Browsing by Author "Borlongan, Iris Ann G."
Impact of AMPEP on the growth and occurrence of epiphytic Neosiphonia infestation on two varieties of commercially cultivated Kappaphycus alvarezii grown at different depths in the Philippines IAG Borlongan, KR Tibubos, DAT Yunque, AQ Hurtado & AT Critchley -
Journal of Applied Phycology, 2011 - SpringerTwo varieties of the carrageenophyte Kappaphycus alvarezii (Tungawan, TUNG; and Giant tambalang, GTAM) from Zamboanga Sibugay, Philippines were used to test the efficacy of Acadian Marine Plant Extract Powder (AMPEP) as source of nutrients for growth, and to determine if applications had any effect on the percent occurrence of an epiphytic infestation of the red alga Neosiphonia sp. at four different depths in the sea. Results showed that the use of AMPEP significantly (P < 0.05) increased the growth rate of both Kappaphycus varieties tested but decreased the percent occurrence of Neosiphonia sp. The percent occurrence of Neosiphonia sp. infection (6–50% at all depths) of both Kappaphycus varieties with AMPEP treatment was significantly lower than the controls (i.e., 10–75% at all depths). Both the growth rate of the cultivated seaweed and the percent occurrence of the epiphytes decreased as the cultivation depth increased. Plants dipped in AMPEP and suspended at the surface had the highest growth rates (i.e., 4.1%, TUNG; 3.1%, GTAM) after 45 days; those without AMPEP dipping had the highest percent occurrence of Neosiphonia infection (viz. 70–75%). The occurrence of Neosiphonia infestation was found to be correlated with changes in irradiance and salinity at the depths observed. The results suggested that both varieties of K. alvarezii used in this study have the fastest growth rate when grown immediately at the water surface. However, in order to minimize damage caused by the occurrence of epiphytic Neosiphonia, K. alvarezii should be grown within a depth range of 50–100 cm. These observations are important for the improved management of Kappaphycus for commercial farming. Furthermore, the use of AMPEP treatments for enhancement of growth and reduction deleterious Neosiphonia sp. infections is encouraging.
Photosynthetic responses of ‘Neosiphonia sp. epiphyte-infected’ and healthy Kappaphycus alvarezii (Rhodophyta) to irradiance, salinity and pH variations IAG Borlongan, MRJ Luhan, PIP Padilla & AQ Hurtado -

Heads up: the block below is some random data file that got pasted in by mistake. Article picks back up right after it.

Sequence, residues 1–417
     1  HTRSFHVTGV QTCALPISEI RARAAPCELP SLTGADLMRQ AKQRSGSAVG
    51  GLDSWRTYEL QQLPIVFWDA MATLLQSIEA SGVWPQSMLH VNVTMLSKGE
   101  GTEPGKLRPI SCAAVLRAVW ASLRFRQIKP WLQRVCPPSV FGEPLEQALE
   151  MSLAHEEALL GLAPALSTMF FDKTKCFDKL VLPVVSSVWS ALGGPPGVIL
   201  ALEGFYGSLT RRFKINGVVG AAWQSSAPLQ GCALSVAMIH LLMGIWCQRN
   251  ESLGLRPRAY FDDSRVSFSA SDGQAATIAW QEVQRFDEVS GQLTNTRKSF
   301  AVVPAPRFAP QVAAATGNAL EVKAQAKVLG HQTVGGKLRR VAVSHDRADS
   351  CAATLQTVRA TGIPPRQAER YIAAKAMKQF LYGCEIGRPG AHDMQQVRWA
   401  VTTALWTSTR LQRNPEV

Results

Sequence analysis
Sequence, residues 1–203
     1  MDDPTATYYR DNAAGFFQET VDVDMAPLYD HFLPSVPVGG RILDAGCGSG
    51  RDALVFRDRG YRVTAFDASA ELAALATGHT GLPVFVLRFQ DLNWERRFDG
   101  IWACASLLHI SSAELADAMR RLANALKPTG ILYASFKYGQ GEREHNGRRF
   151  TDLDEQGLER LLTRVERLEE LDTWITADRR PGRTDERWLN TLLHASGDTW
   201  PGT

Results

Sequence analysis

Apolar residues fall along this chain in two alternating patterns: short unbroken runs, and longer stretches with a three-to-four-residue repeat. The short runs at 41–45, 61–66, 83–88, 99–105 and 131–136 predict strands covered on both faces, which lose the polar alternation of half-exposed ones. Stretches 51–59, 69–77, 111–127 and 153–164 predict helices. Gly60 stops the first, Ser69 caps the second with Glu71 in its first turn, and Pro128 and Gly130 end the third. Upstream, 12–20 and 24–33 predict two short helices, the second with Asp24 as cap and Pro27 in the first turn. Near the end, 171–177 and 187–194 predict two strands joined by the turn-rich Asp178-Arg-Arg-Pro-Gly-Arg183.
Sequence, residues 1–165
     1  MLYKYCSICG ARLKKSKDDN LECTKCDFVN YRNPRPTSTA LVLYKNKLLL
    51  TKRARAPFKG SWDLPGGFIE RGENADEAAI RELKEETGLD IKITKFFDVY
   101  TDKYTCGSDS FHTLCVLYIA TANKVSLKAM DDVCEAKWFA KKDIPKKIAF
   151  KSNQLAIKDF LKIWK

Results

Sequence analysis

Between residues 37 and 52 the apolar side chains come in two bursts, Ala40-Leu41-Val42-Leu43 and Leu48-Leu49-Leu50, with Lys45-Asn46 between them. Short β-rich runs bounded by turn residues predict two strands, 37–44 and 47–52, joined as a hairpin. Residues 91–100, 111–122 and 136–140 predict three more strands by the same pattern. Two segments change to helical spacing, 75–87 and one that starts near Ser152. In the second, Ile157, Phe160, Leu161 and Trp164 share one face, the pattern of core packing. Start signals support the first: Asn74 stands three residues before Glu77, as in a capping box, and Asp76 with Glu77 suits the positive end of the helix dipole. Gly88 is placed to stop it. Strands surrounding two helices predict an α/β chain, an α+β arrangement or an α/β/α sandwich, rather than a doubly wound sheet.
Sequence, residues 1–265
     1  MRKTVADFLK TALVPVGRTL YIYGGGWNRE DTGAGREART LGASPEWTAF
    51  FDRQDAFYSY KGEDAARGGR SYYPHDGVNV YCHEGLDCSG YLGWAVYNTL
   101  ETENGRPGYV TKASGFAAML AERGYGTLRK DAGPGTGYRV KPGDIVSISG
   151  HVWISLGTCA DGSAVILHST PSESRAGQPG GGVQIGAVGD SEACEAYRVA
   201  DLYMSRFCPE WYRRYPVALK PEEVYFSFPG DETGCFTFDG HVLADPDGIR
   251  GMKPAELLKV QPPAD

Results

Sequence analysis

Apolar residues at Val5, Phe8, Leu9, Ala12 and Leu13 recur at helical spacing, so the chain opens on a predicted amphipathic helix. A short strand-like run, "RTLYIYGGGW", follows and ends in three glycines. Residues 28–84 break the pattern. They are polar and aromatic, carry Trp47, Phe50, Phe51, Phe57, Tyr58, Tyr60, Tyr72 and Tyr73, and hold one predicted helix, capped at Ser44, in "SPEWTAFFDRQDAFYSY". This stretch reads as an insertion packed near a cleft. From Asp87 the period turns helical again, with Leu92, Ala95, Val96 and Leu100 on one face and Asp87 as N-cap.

Journal of Applied Phycology, 2016 - Springer VerlagUnderstanding the physiological condition of seaweeds as influenced by biotic and abiotic stress is vital from the perspective of massive expansion and sustainability of seaweed-based industries. The photosynthetic responses ofNeosiphonia sp. epiphyte-infected (INF) and healthy (HEA) Kappaphycus alvarezii under various combinations of irradiance, salinity and pH were studied using photosynthesis-irradiance (P-E) curves. Measurements of algal photosynthetic rates, expressed in terms of amount of oxygen production per fresh weight biomass per unit time (mg O2 g−1 FW h−1), were carried out using the light-dark bottle technique. Neosiphonia-infected K. alvarezii (INF) had lower photosynthetic rates than healthy ones (HEA). Similarities (p > 0.05) in light-saturated photosynthesis rates (Pmax) and significant differences (p < 0.05) in initial slope of curve (α) between INF and HEAK. alvarezii suggest that both samples are adapted to similar light conditions and differs only on photosynthetic efficiency. Low Pmax (0.7–2.0 mg O2 g−1 FW h−1) and high initial saturation irradiances (Ek = 90–519 μmol photons m−2 s−1) of INF seaweeds resulted to their low photosynthetic efficiency (α = 0.002–0.010). Such decline in α is attributed to the epiphyte, as Neosiphonia sp. covered almost the entire surface of K. alvarezii. An increase in chlorophyll-a (35–42.1 vs. 27.7–31.5 μg g−1 FW, HEA) and phycobilin (1.96–2.39 vs. 1.16–1.58 mg g−1 FW, HEA) contents was also observed in INF samples, suggesting acclimation to low-irradiance conditions, as a result of competition for light between the epiphyte and host. Both INF and HEA K. alvarezii also exhibited broad photosynthetic tolerance to short-term changes in irradiance, with no photoinhibition at the highest irradiance of 850 μmol photons m−2 s−1. K. alvarezii had a euryhaline photosynthetic response, with optimum salinity of 35 psu. Photosynthetic rates increased with decreasing pH, revealing K. alvarezii’s ability to modify its photosynthetic affinity for acidic seawater conditions; yet, their underlying mechanism of response to pH shifts still need to be further examined.